Cybersecurity Class Actions Drawing a Split Among Circuit Courts

April 13, 2022

By: Quintin DiLucente

Takeaway: In the wake of a data breach, a class of Plaintiffs whose personal and/or financial information is disseminated to third parties all share the same concern – the risk of future harm. But in order for these Plaintiffs to have standing to sue over the wrongful dissemination of their information resulting from the breach, the mere threat of future harm may not be enough. As more courts across the country have had the opportunity to address this issue, the emerging trend seems to be that the mere threat of future harm, by itself, is insufficient to confer standing; the threat of future harm must pose a substantial likelihood of materializing into actual harm for Plaintiffs to recover damages resulting from a data breach.

Pursuant to Article III of the United States Constitution, a plaintiff must meet the “irreducible constitutional minimum” requirements to show that he or she has standing to bring a cybersecurity class action lawsuit.[1] A plaintiff must adequately establish:

  • (1) an injury in fact (i.e., a “concrete and particularized” invasion of a “legally protected interest”);
  • (2) causation (i.e., a “ ‘fairly … trace[able]’ ” connection between the alleged injury in fact and the alleged conduct of the defendant); and
  • (3) redressability (i.e., it is “ ‘likely’ ” and not “merely ‘speculative’ ” that the plaintiff’s injury will be remedied by the relief plaintiff seeks in bringing suit).[2]

The question of whether a plaintiff, or group thereof, has sufficient standing to bring class action lawsuits in the cybersecurity realm has unsurprisingly drawn a split amongst the Circuit Courts. In the wake of a data breach, one particular concern remains the same amongst all plaintiffs who wish to bring these suits – the risk of future harm. But is the mere risk of future harm, without anything else, enough to satisfy the “irreducible constitutional minimum” requirements to confer standing? The [3]D.C., Sixth, Seventh, and Ninth Circuits have held that data-breach plaintiffs alleging future harm have standing; while alternatively, the [4]First, Second, Third, Fourth and Eighth Circuits have reached the opposite conclusion.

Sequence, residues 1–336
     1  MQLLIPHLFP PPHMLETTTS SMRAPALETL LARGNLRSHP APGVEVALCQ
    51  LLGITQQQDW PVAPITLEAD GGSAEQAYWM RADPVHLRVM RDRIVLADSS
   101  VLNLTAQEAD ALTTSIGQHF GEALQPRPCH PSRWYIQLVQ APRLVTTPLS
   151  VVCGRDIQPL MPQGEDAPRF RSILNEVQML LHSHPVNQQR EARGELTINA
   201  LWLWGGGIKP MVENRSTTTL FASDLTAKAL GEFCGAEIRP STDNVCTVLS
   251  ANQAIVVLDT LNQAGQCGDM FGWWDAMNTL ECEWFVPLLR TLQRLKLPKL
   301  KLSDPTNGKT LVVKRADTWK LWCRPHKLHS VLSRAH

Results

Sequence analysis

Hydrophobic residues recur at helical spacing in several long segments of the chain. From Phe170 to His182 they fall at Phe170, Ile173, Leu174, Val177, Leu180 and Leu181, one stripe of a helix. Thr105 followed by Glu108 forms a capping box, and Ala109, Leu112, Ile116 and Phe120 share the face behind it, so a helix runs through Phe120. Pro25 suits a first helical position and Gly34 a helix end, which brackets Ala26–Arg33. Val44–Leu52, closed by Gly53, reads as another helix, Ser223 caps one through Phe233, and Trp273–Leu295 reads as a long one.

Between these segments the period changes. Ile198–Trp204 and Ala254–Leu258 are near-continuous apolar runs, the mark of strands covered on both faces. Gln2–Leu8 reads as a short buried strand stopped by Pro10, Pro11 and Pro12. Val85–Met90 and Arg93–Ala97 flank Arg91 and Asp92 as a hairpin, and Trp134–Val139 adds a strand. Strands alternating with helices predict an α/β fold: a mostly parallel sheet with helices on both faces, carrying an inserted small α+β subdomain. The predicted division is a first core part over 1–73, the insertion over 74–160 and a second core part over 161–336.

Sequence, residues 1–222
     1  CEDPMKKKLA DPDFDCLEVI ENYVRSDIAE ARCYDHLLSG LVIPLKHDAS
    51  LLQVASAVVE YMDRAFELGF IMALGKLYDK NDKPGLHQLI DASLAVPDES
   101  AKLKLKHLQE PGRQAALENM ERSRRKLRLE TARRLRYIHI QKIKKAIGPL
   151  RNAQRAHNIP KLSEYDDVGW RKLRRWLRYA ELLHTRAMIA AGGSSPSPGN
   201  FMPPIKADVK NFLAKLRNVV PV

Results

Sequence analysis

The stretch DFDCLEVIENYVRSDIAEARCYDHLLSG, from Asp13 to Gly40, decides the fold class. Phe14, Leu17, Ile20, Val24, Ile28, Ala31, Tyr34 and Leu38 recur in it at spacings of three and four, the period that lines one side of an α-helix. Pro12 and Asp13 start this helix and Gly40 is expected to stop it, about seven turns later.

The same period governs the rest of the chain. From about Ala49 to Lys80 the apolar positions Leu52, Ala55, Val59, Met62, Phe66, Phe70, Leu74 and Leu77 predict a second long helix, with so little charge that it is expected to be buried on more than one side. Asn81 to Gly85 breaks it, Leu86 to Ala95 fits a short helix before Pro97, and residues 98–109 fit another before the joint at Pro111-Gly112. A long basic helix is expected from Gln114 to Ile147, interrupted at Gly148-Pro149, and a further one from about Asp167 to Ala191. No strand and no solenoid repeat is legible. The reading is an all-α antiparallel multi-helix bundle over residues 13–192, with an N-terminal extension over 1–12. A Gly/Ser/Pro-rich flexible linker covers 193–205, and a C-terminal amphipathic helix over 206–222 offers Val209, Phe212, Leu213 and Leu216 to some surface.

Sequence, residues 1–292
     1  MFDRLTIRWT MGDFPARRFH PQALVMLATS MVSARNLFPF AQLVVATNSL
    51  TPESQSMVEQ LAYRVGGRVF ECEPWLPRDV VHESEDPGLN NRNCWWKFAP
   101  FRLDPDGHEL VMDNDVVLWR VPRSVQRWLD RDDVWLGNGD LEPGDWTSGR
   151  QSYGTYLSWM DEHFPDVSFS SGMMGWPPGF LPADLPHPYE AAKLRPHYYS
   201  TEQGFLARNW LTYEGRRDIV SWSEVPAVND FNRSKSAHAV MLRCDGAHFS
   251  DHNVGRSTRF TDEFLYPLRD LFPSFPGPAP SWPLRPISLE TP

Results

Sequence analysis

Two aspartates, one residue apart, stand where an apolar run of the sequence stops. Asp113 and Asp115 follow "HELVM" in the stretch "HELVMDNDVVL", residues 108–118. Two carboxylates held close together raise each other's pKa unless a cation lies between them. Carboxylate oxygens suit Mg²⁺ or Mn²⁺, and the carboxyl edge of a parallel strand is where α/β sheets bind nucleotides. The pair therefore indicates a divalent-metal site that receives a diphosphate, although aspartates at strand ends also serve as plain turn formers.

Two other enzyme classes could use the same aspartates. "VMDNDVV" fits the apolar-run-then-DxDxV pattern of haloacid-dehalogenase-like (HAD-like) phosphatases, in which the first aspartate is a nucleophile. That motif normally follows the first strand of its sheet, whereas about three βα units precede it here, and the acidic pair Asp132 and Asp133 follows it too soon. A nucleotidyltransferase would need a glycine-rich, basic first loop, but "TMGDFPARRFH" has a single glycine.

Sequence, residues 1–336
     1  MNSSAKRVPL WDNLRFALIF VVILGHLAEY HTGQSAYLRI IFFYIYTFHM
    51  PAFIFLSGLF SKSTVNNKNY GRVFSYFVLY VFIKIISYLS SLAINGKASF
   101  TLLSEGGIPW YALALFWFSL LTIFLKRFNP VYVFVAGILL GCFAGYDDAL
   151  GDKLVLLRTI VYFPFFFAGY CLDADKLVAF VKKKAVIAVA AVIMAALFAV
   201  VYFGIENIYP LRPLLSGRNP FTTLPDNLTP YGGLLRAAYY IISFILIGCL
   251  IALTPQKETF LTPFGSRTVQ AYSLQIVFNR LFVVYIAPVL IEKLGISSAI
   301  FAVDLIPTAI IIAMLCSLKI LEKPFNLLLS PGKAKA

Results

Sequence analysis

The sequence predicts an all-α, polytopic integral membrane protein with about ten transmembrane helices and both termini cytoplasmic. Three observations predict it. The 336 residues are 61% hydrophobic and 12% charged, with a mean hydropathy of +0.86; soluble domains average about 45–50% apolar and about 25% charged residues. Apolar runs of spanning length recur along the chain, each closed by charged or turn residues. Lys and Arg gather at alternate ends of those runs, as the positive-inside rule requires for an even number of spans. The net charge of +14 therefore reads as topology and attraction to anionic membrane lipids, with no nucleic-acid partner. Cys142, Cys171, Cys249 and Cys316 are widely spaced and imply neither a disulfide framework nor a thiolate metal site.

The Ninth Circuit recently had an opportunity to address this inquiry. In Pruchnicki v. Envision Healthcare Corporation, 439 F.Supp.3d 1226 (D.Nev. 2020), the Plaintiff brought claims for negligence, breach of implied contract, negligent misrepresentation, and violation of Nevada Revised Statute § 41.600 on behalf of herself and “[a]ll persons whose [p]ersonal [d]ata was procured by a third party as a result of the [d]ata [b]reach due to the Envision Defendants’ failure to secure its internal systems of record.”[5] Plaintiff alleged that she provided her personal and financial information to defendants, and subsequent thereto, the defendants’ internal systems were breached by a third party who was able to obtain, inter alia, the Plaintiff’s name, social security number, driver’s license number, and unidentified financial information.[6] The individuals who may have had their information compromised were not notified of the breach for months after it occurred. Despite not suffering identity theft or fraud, Plaintiff alleged that criminal activity is “imminent and certainly impending.”[7]

The Defendants filed a motion to dismiss Plaintiff’s claims on the grounds that Plaintiff, and the other class members whose information was compromised as a result of the data breach, have asserted its claims based primarily on the threat of future harm. The District Court agreed with the Defendants, explaining that Plaintiff has not set forth expert opinion to support the existence of a market for her information.[8] Additionally, the Court found that Plaintiff has failed to plead diminution of the value of her personal information as a cognizable injury to support her claims.[9] On appeal, the Ninth Circuit upheld the District Court’s ruling and found that “the mere misappropriation of personal information does not establish compensable damages”, and Plaintiff’s claims were dismissed. [10]

Thus, the emerging trend seems to be that a Plaintiff must adequately plead how the threat of future harm will materialize into actual harm to be properly compensated for their damages. This logic is further evidenced in the Supreme Court’s recent decision in TransUnion LLC v. Ramirez, 141 S.Ct. 2190 (2021), wherein the class of Plaintiffs alleged that TransUnion failed to use reasonable procedures to ensure the accuracy of their credit files, as maintained internally by TransUnion.[11] Of the 8,185 class members, only 1,853 had misleading credit reports provided to third-party businesses by TransUnion, while the other 6,332 class members did not.[12] The Court found that the 6,332 class members whose misleading or incorrect information was not distributed to third parties have not demonstrated concrete harm and thus lack Article III standing to sue on its reasonable-procedures claims.[13] The Court further noted that “the mere risk of future harm, standing alone, cannot qualify as a concrete harm – at least unless the exposure to the risk of future harm itself causes a separate concrete harm.”[14]